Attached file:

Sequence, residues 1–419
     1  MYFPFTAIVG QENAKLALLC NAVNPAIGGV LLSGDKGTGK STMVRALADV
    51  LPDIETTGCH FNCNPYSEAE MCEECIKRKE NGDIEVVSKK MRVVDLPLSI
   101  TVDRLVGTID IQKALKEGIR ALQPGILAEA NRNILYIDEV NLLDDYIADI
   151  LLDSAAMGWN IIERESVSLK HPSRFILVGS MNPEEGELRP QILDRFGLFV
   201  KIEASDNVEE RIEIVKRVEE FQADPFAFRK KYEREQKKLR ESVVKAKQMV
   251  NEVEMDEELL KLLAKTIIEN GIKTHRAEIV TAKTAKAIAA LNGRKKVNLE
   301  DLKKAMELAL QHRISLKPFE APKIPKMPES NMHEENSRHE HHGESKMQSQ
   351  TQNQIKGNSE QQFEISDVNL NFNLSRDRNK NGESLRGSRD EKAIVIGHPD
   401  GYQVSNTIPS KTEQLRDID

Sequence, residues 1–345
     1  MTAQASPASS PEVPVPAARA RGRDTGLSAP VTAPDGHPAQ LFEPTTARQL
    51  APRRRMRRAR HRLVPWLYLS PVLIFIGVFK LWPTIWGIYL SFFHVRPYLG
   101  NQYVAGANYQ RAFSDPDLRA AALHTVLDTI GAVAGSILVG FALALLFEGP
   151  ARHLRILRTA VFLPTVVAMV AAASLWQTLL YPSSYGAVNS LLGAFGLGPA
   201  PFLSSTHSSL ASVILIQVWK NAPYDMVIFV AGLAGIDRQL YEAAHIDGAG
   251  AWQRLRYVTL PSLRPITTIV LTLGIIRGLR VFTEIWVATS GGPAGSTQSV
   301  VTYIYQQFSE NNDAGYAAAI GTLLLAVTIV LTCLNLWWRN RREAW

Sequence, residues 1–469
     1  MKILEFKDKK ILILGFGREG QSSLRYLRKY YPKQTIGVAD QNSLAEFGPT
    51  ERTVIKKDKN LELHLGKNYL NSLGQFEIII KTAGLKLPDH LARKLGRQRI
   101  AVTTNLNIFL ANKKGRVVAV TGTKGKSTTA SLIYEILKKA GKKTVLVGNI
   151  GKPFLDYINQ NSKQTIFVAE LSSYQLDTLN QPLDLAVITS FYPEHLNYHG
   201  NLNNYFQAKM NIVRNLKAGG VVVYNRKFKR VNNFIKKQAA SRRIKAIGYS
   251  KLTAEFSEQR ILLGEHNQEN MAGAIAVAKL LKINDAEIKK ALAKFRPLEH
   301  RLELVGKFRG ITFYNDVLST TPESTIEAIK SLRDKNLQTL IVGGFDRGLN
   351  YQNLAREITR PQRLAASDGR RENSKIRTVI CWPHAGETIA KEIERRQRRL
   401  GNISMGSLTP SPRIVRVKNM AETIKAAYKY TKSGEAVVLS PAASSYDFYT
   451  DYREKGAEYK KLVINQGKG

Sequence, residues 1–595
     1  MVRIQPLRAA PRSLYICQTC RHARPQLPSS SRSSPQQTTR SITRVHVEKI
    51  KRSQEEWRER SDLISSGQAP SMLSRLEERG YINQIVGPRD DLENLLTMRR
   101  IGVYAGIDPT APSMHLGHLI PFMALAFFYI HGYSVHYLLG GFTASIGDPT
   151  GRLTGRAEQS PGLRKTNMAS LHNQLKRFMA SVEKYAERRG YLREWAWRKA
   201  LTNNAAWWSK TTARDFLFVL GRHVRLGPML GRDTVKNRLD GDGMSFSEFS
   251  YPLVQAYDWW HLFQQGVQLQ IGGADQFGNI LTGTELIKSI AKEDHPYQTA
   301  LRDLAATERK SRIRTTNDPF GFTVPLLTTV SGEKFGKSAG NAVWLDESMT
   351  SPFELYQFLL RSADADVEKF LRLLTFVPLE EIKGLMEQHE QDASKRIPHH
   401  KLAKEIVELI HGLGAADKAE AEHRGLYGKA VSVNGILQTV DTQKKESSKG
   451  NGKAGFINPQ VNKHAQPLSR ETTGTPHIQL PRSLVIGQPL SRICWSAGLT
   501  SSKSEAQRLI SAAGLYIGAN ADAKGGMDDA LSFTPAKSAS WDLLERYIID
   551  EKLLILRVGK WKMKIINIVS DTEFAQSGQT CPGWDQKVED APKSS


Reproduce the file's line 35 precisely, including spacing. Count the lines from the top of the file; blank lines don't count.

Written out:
   201  LTNNAAWWSK TTARDFLFVL GRHVRLGPML GRDTVKNRLD GDGMSFSEFS